• Furthermore, the OECD recently announced that the information technology sector will boom during the downturn — good news for India’s IT companies and Nasscom. It has said the total ICT spend will reach $4,406 billion in 2012, of which 58 per cent will be on communications services and equipment, 21 per cent on computer services, 12 per cent on computer hardware and 9 per cent on software.

  • Deeply concerned at the global economic slowdown, the OECD believes that this is the fifth year of the crisis. There is additional concern at trade flows having slowed down; while the world economies came out of the low point in 2009, growth seems to be dipping once more with the slowdown back again.

‘Match-making’ theory wins U.S. scholars Economics Nobel

  • Two American scholars were awarded the Nobel economics prize on Monday for studies on the match-making that takes place when doctors are coupled up with hospitals; students with schools; and human organs with transplant recipients.

  • The work of Alvin Roth and Lloyd Shapley has sparked a “flourishing field of research” and helped improve the performance of many markets, the Royal Swedish Academy of Sciences said.

  • Mr. Roth (60) is a professor at Harvard University in Cambridge, Massachusetts, and Harvard Business School in Boston. Right now he is a visiting professor at Stanford University in California. Mr. Shapley (89) is a professor emeritus at University of California Los Angeles.

  • Citing “the theory of stable allocations and the practice of market design”, the award focused on the problem of matching different agents in a market in situations where prices aren’t the deciding factor.

  • Mr. Shapley made early theoretical inroads into the subject, using game theory to analyse different matching methods in the 1950s and 1960s.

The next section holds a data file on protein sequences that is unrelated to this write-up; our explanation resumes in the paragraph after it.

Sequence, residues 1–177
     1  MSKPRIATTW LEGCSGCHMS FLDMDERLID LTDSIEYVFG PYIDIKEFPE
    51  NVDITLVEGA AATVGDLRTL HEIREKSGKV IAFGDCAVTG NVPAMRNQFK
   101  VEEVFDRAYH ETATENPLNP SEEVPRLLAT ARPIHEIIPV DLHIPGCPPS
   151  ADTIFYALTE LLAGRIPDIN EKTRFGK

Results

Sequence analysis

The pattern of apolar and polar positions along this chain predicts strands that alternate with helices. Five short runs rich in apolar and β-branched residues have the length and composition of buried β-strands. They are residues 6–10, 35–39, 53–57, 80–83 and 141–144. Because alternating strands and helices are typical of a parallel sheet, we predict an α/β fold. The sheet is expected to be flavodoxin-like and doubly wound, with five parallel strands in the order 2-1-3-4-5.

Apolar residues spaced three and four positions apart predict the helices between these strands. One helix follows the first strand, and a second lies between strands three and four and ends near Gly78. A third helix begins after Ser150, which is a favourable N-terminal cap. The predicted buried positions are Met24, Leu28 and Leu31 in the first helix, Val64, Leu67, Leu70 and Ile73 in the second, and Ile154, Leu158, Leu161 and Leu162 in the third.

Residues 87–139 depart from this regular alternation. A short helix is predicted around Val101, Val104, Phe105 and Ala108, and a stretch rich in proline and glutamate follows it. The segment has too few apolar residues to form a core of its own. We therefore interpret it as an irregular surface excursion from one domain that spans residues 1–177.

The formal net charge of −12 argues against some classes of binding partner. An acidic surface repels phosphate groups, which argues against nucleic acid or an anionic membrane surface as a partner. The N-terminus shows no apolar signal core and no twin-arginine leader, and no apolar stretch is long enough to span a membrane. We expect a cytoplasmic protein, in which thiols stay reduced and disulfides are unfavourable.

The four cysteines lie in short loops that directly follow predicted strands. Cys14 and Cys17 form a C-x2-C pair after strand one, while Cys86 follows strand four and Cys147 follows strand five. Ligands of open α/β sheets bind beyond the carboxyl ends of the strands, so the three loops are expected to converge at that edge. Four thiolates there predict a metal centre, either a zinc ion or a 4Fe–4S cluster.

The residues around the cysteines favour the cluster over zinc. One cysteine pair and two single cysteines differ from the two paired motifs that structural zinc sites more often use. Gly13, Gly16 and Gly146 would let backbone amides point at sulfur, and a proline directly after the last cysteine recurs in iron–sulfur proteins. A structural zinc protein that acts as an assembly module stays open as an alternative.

• Together with U.S. economist David Gale, he developed a mathematical formula for how 10 men and 10 women could be coupled in a way so that no two people would prefer each other over their current partners.

  • While that may have had little impact on marriages and divorces, the algorithm they developed has been used to better understand many different markets.

  • In the 1990s, Mr. Roth applied it to the market for allocating U.S. student doctors to hospitals. He developed a new algorithm that was adopted by the National Resident Matching Program, which helps match resident doctors with the right hospitals.

  • Similar formulas have been applied to efforts to match kidneys and other human organs to patients needing a transplant, the academy said.

Deal on Scottish independence referendum

  • The British and Scottish governments signed a historic deal that will to allow Scotland to hold a referendum in 2014 on whether it wants to remain part of the United Kingdom or secede from the 300-year-old political union.

  • Under the terms of the agreement signed by Prime Minister David Cameron and Scotland’s First Minister and the leader of the ruling Scottish National Party (SNP) Alex Salmond in Edinburgh, voters will be asked to say “yes” or “no” to a single question: whether they want an independent Scotland?

  • The voting age will be reduced to 16. Mr. Cameron’s Conservative Party and the two other mainstream national parties — Labour and the Liberal Democrats — will campaign for a “No” vote.

  • The agreement was criticised by unionists who accused Mr. Cameron of “surrendering” to the SNP. He defended it saying that he wanted to “show respect to the people of Scotland”, who had voted for a party that wanted a referendum. But he insisted that Scotland would be “better off” with the U.K.

First woman chief of AU takes charge

  • Nkosazana Dlamini-Zuma waved an African Union flag, tapped a wooden gavel and became the first woman to take office as the Chairperson of the African Union Commission (AUC) at the A.U. headquarters in Addis Ababa.

  • Prior to her election, Dr. Dlamini-Zuma held positions as Health Minister under Nelson Mandela’s post-apartheid Cabinet in 1994 and as Foreign Minister under President Thabo Mbeki, but won most praise for transforming the Ministry of Home Affairs in the Cabinet of her former husband, and current South African President, Jacob Zuma.